In 2019, the Borders in Globalization research program at the University of Victoria created the Borders in Globalization Review (BIG_Review). BIG_Review is a print and open source online publication featuring double-blind, peer-reviewed articles about the borders of globalization.
BIG_Review provides a forum for academic and creative explorations of borders in the 21st century. Our interest is advancing high-quality and original works in the Arts, Humanities, and Social Sciences, that explore various aspects of borders in an increasingly globalized world. BIG_Review publishes current scholarship (academic articles, essays, book reviews) as well as original art and literature (photography, poetry, short stories, fiction reviews, and more). We are multidisciplinary, peer reviewed, and open access.
Our starting point is that borders offer metaphoric-conceptual tools for the study of differentiation and integration. BIG_Review documents how international boundaries are moving beyond a spatial and territorial logic and toward a functional and aterritorial logic. This means that borders are increasingly detached from territory, functioning as mobile and relational nodes in increasingly complex regulatory frameworks. For example, border screening often happens far from the border, and goods and people are increasingly bordered ‘on the go’ with microtechnology and biometrics. Simultaneously, global processes are increasingly straining the territorial foundations of borders, including transnational social movements and the virtual flows of global finance and big data. These developments impact culture and politics, including understandings and contestations of identity, citizenship, law, nationalism, gender, and Indigeneity.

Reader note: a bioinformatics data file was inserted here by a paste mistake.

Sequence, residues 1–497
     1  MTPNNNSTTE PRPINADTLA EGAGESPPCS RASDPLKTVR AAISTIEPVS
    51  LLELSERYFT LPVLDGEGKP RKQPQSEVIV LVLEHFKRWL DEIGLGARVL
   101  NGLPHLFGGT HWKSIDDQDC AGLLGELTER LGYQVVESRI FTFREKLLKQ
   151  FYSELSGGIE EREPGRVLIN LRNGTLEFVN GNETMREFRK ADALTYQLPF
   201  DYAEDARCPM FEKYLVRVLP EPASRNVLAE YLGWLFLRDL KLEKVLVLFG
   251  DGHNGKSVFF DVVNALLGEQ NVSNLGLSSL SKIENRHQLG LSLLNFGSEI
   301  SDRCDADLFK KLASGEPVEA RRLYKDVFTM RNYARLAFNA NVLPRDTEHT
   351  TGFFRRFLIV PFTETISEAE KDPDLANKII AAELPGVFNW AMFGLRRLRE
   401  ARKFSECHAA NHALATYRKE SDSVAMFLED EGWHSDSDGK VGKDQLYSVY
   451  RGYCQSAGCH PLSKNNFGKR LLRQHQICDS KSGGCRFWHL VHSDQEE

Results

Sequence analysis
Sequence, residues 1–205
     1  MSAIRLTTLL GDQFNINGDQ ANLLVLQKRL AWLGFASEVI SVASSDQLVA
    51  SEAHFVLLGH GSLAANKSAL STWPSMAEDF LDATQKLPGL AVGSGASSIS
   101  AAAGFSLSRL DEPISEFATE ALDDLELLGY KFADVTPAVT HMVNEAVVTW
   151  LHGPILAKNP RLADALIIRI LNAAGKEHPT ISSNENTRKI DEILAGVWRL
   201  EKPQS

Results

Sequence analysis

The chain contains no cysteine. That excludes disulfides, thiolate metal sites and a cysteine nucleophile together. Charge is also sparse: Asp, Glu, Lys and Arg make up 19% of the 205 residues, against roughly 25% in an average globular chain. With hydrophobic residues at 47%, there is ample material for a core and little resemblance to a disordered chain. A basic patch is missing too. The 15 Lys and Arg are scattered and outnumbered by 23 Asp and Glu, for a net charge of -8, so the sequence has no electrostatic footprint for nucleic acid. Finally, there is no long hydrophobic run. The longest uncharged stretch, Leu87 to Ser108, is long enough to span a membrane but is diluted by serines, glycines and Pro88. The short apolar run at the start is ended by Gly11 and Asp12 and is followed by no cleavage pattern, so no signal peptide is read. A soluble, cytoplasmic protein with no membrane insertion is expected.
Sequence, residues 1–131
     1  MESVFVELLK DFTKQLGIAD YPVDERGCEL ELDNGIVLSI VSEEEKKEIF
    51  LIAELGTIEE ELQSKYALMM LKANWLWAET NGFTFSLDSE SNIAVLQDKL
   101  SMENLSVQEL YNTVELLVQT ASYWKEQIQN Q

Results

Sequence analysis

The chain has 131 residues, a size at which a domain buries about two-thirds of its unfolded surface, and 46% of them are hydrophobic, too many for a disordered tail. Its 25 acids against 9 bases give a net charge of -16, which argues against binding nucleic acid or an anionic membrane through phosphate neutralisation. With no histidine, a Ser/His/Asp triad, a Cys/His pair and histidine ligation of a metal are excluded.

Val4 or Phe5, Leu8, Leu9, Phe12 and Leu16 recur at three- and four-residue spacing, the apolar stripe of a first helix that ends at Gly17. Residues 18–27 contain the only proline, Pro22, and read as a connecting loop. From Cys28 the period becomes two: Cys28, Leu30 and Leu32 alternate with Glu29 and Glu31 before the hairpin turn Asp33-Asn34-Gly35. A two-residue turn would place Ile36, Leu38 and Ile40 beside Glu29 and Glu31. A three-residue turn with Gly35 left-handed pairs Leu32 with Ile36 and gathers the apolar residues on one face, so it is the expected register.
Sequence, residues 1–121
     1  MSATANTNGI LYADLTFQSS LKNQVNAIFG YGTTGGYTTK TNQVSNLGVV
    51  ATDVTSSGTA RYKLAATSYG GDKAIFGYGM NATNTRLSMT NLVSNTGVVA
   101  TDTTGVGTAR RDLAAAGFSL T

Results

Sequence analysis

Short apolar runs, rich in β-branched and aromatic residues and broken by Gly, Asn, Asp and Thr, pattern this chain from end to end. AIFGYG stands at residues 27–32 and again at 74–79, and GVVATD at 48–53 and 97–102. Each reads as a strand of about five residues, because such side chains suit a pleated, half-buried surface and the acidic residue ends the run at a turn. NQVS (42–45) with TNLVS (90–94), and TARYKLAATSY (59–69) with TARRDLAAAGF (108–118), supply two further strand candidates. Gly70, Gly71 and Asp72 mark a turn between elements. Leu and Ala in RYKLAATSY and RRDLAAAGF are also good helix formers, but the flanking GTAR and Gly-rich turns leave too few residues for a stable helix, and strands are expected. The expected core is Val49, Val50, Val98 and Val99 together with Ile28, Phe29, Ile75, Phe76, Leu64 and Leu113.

The borders of globalization are rapidly being established in a variety of spaces and not just in borderlands. Like a puzzle in the making, their infrastructures and institutions are interlocking in various geographies around world, although they are not always visible. BIG_Review offers a platform to visibalize, problematize, and discuss how these borders are changing and how they affect all other borders, physically, of the mind, and across the cyber space.
Publications may address, for instance, the role of technologies; geographies; identity; security and environmental challenges; subnational, transnational, and Indigenous challenges; cultural factors; ethical questions; political economy, policy and governance; the human imagination of borders; and more. We are especially interested in documenting aterritorial bordering processes (functional, mobile), as well as the relationships between borders and Indigeneity (Indigenous governance, tradition, and struggle).
More information regarding submissions, publications dates, and details on BIG_Review is coming soon. Check back for more information in the coming months.
The first issue is coming Fall 2019.